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Saturday, 8 November 2008

Will Samantha Power return as foreign policy advisor to Obama?

Some Jewish sources speculate on Obama’s foreign policy team saying that it will be “centrist” and “pragmatic”, the real meaning of which will be known after the president-elect takes the office in January.

Among potential candidates for Obama’s foreign policy team is Samantha Power (i.e. her return after the resignation during the pre-election campaign when she called Hillary Clinton a “monster”).

Samantha Power is a Pulitzer Prize winning author and renowned anti-genocide and human rights activist. In 2004, Power was named by Time magazine as one of the 100 top scientists and thinkers of that year. She is pretty influential and considered as “pro-Armenian”. Turkey will certainly prefer to see her out of the team. In February 2008, Samantha Power has taped a “powerful 5-minute video reviewing presidential hopeful Barack Obama's support for Armenian issues, and encouraging Armenian Americans to vote for him in the upcoming primaries”, reported the Armenian National Committee of America.

According to British sources, the Irish-born professor “was a key member of Obama's foreign policy team and one of his closest aides.” “If Obama makes it to the White House, Miss Power - who was cited by Men's Vogue as one of the most beautiful women in the world - was expected to take a crucial role in redefining the Anglo-American relationship.”

*photo - via Mail Online

9 comments:

Ani said...

I hope she's on board, at least in an unofficial role, and I don't think Hillary will get veto power over her...

Here's a link to the Wikipedia article on her book, where the Armenian Genocide is Chapter 1:

http://en.wikipedia.org/wiki/
A_Problem_from_Hell:_America_and_
the_Age_of_Genocide

Undoubtedly there are lots of interviews with her, but here's one with Stephen Colbert, she rolls with the punches very well :)

http://www.colbertnation.com/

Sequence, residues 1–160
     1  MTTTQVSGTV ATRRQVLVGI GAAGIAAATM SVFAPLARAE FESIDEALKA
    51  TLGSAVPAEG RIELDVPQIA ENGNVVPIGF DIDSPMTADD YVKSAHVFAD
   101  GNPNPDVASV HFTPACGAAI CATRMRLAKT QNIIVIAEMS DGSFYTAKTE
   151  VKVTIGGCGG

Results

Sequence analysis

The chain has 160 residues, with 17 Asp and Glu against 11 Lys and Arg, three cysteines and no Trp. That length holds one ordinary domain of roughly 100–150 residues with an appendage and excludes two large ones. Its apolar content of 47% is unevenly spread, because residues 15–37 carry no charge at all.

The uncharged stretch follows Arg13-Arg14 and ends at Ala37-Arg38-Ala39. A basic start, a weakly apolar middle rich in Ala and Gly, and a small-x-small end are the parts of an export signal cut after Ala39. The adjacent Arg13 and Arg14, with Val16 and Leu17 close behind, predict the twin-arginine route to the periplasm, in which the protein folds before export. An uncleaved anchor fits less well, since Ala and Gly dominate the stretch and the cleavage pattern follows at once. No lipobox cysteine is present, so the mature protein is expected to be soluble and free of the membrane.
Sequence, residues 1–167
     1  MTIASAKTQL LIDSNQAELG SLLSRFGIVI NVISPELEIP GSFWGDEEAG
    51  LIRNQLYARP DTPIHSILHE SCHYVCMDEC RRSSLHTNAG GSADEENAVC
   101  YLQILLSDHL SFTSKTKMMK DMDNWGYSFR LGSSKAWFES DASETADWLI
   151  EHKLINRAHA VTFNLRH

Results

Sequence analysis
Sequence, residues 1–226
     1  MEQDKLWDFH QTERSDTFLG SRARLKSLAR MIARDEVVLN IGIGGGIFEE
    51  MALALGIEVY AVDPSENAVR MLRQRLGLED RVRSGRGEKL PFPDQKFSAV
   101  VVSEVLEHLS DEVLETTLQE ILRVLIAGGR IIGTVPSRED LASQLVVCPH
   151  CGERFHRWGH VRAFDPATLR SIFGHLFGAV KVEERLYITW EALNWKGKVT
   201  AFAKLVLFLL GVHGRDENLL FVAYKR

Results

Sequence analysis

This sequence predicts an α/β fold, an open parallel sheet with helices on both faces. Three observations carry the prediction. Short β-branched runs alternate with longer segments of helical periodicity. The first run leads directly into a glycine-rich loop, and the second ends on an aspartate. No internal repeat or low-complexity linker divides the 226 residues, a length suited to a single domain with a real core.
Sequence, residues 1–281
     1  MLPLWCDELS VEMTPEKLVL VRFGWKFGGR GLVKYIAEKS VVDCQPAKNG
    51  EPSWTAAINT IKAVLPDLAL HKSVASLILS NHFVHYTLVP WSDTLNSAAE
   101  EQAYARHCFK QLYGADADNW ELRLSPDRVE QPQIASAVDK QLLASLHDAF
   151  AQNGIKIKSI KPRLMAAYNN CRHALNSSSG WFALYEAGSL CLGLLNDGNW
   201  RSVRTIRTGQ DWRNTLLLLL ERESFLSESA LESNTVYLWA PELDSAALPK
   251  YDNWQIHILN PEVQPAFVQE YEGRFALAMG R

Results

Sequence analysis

the-colbert-report-videos/164058
/march-17-2008/samantha-power

spm said...

so far names circulating in the media are very discouraging. Actually all foreign affairs and economy candidates are from Clinton team. I hope they got it wrong and we will see some fresh faces.

Onnik Krikorian said...

Meanwhile, the Arab world is somewhat concerned by Obama's choice as chief of staff:

http://www.ynetnews.com/articles/0,7340,L-3616306,00.html

artmika said...

There are concerns and mixed reactions about Obama’s newsly appointed chief of staff in Armenian circles too. Here is what I received via Armenians for Obama Facebook group:

“The selection of Rahm Emanuel as chief of staff—the first major appointment by President-elect Barack Obama—did not fare well with many Armenian-Americans who supported the Illinois Senator’s bid for presidency. While the Armenian-Americans who overwhelmingly voted for Obama showed signs of unease, those who supported the McCain-Palin ticket were quick to exclaim, I told you so!

The concerns of Armenian-Americans are understandable. Beginning with his days in the Clinton Administration through his years in Congress, Emanuel’s support has been mixed. It appears—if we are to take Robert Novak’s word for it—Emanuel opposed Clinton Administration affirmation of the Armenian Genocide. And yet, in his first term in Congress in 2003, he cosponsored Armenian Genocide legislation (H.Res.193) and urged President Bush in 2003, 2004 and 2005 to properly characterize the events from 1915-1923 as genocide.